Gain granted $2.8M to develop lead therapy for GBA1 Parkinson’s

Innosuisse award for GT-02287 to fund preclinical, clinical studies

Lindsey Shapiro, PhD avatar

by Lindsey Shapiro, PhD |

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Gain Therapeutics has been awarded about $2.8 million to advance the development of GT-02287, its lead therapeutic candidate for GBA1-associated Parkinson’s disease.

Innosuisse, the Swiss Innovation Agency, granted the 2.5 million Swiss francs to the company under its Swiss Accelerator program, which provides funding for new and innovative products. The program aims to facilitate the growth of Swiss companies and will support both preclinical and clinical studies of the experimental therapy.

The funded project is titled “Harnessing Structurally Targeted Allosteric Regulators to treat Parkinson’s Disease.”

“We are grateful for the continued support from Innosuisse, which speaks to the wealth of promising data we have generated to date and the disease-modifying potential of our lead program for patients suffering from GBA1 Parkinson’s disease and other neurodegenerative disorders,” Matthias Alder, CEO of Gain, said in a company press release.

“This funding provides significant financial support for the further development of GT-02287 as we remain on track to submit the dossier for the start of the Phase 1 clinical study in mid-2023,” Alder added.

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GT-02287 Helps Prevent Toxic Alpha-synuclein in Patient-derived Cells

GT-02287 designed to ease effects of GBA1 gene mutations

Mutations in the GBA1 gene are found in about 5% of Parkinson’s patients, and are associated with earlier disease onset, fast progression, and more rapid cognitive decline.

Such mutations cause the formation of a misfolded and dysfunctional version of the beta-glucocerebrosidase (GCase) enzyme that’s important for the function of lysosomes, the cellular compartments that recycle cellular waste.

Consequently, lysosomes can’t effectively clear this waste, causing molecules to accumulate to toxic levels inside cells. That includes the alpha-synuclein protein that’s known to damage Parkinson’s patients’ nerve cells.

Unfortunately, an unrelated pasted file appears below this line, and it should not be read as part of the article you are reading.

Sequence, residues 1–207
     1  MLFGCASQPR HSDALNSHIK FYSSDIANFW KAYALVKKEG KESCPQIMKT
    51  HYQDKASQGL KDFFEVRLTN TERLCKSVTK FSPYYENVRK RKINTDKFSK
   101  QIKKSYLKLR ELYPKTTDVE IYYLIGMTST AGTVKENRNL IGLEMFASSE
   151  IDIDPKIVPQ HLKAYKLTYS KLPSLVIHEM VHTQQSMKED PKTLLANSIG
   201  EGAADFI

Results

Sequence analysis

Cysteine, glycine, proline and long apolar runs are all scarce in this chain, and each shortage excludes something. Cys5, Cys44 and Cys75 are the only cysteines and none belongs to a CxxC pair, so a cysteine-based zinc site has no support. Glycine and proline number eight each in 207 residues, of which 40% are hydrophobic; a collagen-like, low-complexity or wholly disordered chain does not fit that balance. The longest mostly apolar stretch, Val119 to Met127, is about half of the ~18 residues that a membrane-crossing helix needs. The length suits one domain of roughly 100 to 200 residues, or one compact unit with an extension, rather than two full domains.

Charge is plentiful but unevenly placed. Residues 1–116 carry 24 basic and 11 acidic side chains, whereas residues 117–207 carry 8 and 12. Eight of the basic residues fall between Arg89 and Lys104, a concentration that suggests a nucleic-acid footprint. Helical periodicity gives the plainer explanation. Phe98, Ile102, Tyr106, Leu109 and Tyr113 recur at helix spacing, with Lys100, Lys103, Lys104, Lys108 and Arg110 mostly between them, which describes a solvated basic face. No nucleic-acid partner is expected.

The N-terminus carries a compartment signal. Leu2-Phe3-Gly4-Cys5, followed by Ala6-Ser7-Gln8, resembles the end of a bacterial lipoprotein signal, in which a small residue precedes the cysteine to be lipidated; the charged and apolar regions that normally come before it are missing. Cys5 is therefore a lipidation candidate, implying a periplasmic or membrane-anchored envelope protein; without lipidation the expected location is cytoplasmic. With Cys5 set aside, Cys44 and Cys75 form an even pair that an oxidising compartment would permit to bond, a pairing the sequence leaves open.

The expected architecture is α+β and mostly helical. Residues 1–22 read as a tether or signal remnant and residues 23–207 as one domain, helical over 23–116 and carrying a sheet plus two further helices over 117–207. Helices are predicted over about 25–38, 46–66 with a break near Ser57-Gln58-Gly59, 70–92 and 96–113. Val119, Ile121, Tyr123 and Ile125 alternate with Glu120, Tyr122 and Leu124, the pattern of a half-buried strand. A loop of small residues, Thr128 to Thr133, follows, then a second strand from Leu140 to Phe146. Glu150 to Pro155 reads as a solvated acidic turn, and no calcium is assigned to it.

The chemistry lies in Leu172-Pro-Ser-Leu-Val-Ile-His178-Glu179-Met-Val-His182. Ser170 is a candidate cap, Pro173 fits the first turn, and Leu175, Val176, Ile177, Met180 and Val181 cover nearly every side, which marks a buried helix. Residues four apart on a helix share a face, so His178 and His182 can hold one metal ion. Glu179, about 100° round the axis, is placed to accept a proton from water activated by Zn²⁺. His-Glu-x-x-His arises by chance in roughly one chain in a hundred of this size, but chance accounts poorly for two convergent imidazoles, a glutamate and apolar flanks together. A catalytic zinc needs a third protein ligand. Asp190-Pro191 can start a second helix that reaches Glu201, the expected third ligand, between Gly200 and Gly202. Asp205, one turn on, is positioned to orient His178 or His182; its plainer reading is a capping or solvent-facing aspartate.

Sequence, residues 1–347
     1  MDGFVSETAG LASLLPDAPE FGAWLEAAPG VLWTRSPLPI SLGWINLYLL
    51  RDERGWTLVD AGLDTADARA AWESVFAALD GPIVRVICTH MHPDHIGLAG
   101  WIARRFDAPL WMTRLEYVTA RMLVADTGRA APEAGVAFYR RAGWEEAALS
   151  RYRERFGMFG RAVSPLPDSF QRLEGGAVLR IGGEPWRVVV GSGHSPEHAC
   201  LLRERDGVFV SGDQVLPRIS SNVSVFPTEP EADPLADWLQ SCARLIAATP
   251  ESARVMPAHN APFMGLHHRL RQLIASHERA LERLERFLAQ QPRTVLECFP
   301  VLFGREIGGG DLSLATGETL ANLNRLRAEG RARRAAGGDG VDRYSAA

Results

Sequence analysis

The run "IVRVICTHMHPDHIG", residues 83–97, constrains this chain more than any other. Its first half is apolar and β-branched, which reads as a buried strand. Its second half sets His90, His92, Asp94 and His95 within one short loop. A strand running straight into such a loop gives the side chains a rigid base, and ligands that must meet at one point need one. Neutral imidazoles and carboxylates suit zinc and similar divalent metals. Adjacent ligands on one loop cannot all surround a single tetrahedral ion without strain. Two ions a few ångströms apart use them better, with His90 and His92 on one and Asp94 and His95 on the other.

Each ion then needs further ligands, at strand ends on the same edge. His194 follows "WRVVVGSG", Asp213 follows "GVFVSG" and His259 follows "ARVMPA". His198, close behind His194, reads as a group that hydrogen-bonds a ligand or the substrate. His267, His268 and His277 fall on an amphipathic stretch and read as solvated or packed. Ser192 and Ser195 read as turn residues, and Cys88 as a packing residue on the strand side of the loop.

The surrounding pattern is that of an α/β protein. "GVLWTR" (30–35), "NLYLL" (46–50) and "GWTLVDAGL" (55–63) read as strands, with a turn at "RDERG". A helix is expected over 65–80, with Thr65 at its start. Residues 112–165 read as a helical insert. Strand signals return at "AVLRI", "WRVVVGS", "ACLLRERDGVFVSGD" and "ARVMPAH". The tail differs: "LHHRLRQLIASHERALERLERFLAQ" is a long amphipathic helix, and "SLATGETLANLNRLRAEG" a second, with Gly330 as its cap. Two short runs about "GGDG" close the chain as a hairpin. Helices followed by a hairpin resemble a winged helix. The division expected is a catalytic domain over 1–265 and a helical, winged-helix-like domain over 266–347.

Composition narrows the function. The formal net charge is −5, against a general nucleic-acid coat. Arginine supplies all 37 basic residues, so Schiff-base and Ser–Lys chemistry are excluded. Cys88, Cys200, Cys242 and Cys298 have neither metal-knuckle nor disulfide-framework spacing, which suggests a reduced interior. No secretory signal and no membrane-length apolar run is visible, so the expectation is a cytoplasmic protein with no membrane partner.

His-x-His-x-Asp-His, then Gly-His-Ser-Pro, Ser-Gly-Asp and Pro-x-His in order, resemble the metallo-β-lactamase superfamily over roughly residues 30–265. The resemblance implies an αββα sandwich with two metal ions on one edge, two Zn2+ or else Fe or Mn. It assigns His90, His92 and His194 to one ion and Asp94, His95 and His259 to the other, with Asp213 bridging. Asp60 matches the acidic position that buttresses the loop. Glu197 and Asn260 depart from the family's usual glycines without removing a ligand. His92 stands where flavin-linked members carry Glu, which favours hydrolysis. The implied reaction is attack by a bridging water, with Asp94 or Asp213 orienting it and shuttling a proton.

Even in patients without GBA1 mutations, low GCase activity is common, which is thought to contribute to alpha-synuclein buildup.

A type of compound called an allosteric modulator, GT-02287 is an oral small molecule designed to bind to GCase, allowing it to fold normally, thereby restoring its activity. In turn, the therapy is expected to lead to more normal lysosome function that will prevent alpha-synuclein buildup.

GT-02287 was developed with the company’s Site-Directed Enzyme Enhancement Therapy system, which uses the three-dimensional structure of a target enzyme to predict its interaction with therapeutic molecules.

Gain believes its therapeutic candidate may hold potential for slowing or stopping nerve cell damage in Parkinson’s patients.

Preclinical studies have demonstrated GT-02287’s ability to reduce alpha-synuclein buildup, lower inflammation, ease behavior problems, and boost fine motor skills in animal models.

Moreover, the investigational treatment exhibited a number of beneficial effects in human nerve cell models, including improved lysosomal function and nerve cell health, increased GCase levels, as well as lower alpha-synuclein accumulation.

The funding from Innosuisse will now support additional preclinical studies, in addition to the launch of clinical studies to evaluate the therapy’s in-human pharmacological properties.

Gain’s project was one of 53 of 752 evaluated projects selected for funding after a three-stage assessment process.  The company also was awarded about $1.7 million from Innosuisse in 2o21 to support the development of allosteric modulators for GBA1-related diseases.

“The Swiss Accelerator program under which we are supported was a highly competitive process, and we are pleased with the validation of our science and data that is reflected in the decision of Innosuisse to support the program,” said Manolo Bellotto, PhD, chief strategy officer and general manager at Gain.

“We look forward to continuing to build on this work and advance the development of a treatment for this devastating disease,” Bellotto said.